Office of Merit Scholarships, Fellowships & Awards

Harry S. Truman Scholarship

The Harry S. Truman Scholarship supports the graduate and professional development of students committed to public service leadership. Each year the foundation selects approximately 60 scholars for this competitive national award. Applicants must be nominated by their universities to compete for this national program and the University of Washington is able to nominate 4-6 candidates each year. Students who are in their third year of study are eligible to apply for nomination. This year, the University of Washington nominated 5 students and one of our nominees was selected as a Truman Foundation finalist.

Learn more about the Truman Scholarship Program and UW’s nomination process.

UW 2017-2018 Nominees

Rachel Gerstenfeld

Junior: Psychology; Law, Societies & Justice (intended)

My name is Rachel Gerstenfeld, and I am double majoring in Psychology and Law, Societies and Justice, with a minor in Music. I am interested in the Truman Scholarship because I see it as an invaluable opportunity to become part of a large network of public service leaders across the country. I plan to attend law school and earn a JD, specializing in law around gender-based violence issues. This field of work sparked my interest after I completed training to become a Peer Health Educator on campus. As part of the Peer Health Educator Leadership Team, I spearheaded the launch of a campaign named “It’s On Us UW” in Spring 2017. It’s On Us aims to empower students and staff to create a community that is truly resilient against sexual violence. During spring quarter, my team and I traveled all over campus facilitating It’s On Us presentations and spreading the message. The following summer, I interned as a Protection Order Advocate in the Regional Justice Center. I had the opportunity to provide services to domestic violence survivors, helping them establish a safety plan, form their statements, and navigate the court system. My time spent in the courtroom solidified my passion for violence prevention and advocacy work.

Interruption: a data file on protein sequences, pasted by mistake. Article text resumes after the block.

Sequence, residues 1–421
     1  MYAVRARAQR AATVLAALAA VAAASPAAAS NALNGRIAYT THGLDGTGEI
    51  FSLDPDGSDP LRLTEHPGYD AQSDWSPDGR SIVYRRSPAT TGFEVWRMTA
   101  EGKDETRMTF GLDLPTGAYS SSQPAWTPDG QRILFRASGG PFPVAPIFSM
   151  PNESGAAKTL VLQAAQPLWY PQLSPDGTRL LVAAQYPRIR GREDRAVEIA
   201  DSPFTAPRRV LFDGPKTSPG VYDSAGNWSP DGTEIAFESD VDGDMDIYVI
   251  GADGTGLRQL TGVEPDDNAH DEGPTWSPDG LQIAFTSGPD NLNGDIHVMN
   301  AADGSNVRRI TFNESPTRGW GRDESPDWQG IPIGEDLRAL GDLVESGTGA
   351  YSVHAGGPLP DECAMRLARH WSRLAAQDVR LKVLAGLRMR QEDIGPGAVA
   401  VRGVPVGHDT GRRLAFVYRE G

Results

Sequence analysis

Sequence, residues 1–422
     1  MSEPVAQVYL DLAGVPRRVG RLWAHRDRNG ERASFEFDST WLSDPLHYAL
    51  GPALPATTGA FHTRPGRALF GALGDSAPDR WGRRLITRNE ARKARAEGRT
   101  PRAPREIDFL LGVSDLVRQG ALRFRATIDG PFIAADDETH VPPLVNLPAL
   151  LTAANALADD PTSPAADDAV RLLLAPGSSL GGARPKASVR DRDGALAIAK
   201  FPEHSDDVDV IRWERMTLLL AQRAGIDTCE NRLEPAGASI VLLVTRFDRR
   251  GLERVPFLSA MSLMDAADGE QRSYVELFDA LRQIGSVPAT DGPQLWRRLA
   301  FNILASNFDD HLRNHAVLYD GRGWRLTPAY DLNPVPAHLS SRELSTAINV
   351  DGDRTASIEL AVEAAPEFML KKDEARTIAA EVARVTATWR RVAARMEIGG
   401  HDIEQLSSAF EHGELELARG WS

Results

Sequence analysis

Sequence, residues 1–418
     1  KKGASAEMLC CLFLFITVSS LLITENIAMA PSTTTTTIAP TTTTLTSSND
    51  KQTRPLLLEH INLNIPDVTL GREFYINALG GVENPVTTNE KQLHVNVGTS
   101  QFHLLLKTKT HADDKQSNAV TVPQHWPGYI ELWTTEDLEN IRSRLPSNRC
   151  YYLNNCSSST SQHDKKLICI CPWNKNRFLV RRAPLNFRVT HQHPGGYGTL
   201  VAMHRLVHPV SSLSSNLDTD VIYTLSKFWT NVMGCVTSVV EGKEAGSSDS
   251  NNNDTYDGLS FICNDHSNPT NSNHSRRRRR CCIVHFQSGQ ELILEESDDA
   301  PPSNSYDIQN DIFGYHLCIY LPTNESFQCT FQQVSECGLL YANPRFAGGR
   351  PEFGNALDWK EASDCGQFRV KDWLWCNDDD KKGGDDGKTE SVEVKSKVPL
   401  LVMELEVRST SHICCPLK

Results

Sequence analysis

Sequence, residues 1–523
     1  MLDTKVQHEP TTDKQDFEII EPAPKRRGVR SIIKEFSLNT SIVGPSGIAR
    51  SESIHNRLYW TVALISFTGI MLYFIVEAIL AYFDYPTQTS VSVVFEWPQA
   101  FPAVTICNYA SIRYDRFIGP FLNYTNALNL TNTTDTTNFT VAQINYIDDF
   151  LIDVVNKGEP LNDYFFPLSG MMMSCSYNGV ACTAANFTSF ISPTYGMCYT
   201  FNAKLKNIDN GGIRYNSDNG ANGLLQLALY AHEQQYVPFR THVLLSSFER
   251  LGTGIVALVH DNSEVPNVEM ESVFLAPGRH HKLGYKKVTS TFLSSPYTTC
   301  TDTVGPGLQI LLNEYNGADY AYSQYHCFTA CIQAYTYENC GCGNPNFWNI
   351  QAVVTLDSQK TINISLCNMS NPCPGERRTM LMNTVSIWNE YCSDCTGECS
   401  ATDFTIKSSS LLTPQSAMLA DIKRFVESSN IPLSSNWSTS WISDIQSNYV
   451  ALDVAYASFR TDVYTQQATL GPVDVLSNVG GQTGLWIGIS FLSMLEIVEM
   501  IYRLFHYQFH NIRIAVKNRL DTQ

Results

Ashley Lewis

Junior: Aquatic Fisheries Sciences (intended)

I am, and always will be, an advocate for the great outdoors. Fishing and hiking on the Olympic Peninsula is where you can find me outside of the classroom. As a fishing guide, sharing my passion with others has taught me much about needs of our outdoor spaces. My experiences as a fishing guide helped me see that I wanted to make a greater impact than on one river, so I returned to higher education. As a student, my goal is to continue my education on through an M.S. of Aquatic Fisheries Science at the University of Washington. Professionally, I want to work in policy to help strengthen Pacific Northwest fisheries. Through outreach and advocacy, I want to educate people in outdoor recreation while showing them that investing in outdoor spaces benefits us all. As a Truman Scholar hopeful, I want to show that leaders can even come as female Native American fishing guides.

Rodha Sheikh

Junior: Law, Societies & Justice (intended)

I am a third year at the UW studying LSJ. I plan to pursue an Education policy program because I aim to bridge the educational gap that is present between wealthy and underfunded schools in the K-12 system. As an individual who attended two different high schools in the U.S., one dominated by low-income students and the other by middle-class, wealthy students, I noticed a great difference in the quality of education provided as well as the difference in advising provided. I also noticed a significant difference in the racial demographics between the two schools which lead me to learn about racism within the education system. Considering that education is a significant determinant of future quality of life, I find it necessary to improve its quality in underfunded schools and I plan to work on creating that change.

UW 2016-17 Nominees & Finalist:

Nominees

  • Melissa Guzman: Law, Societies & Justice; Psychology
  • Talia Haller: Business Administration; International Studies
  • Jolee Melink: American Ethnic Studies; Social Welfare
  • Elizabeth Purdy: Social welfare
  • Ernie Tao: Biochemistry; Political Science
  • Ernie Tao, Finalist

    Junior, Biochemistry, Political Science majors

    Ernie

    Ernie is a political science and biochemistry major at the University of Washington. Upon beginning his undergraduate studies, he worked as an EMT in the city of Seattle and then later moved on to work as a Firefighter/EMT in Skyway, Seattle. These experiences catalyzed his passion for public health, and he is particularly interested in the social determinants of health as a major contributor to disparities in health outcomes. His coursework and experiences with various research projects has allowed him to pursue quantitative studies in subjects such as food access, food insecurity, and food policy analysis. Ernie has also worked as a cancer immunology research assistant in the Ruddell Lab and as a youth tutor. He is a Princeton PPIA fellow, Mary Gates Research Scholar, Kaiser Scholar, and honors student in both majors. Upon graduation, Ernie hopes to peruse a dual masters in public health and public administration to one day serve as a public health administrator. Ernie plans to use his background in field medical work, research methods, and policy analysis to develop evidence-based health policy to promote individual and community health.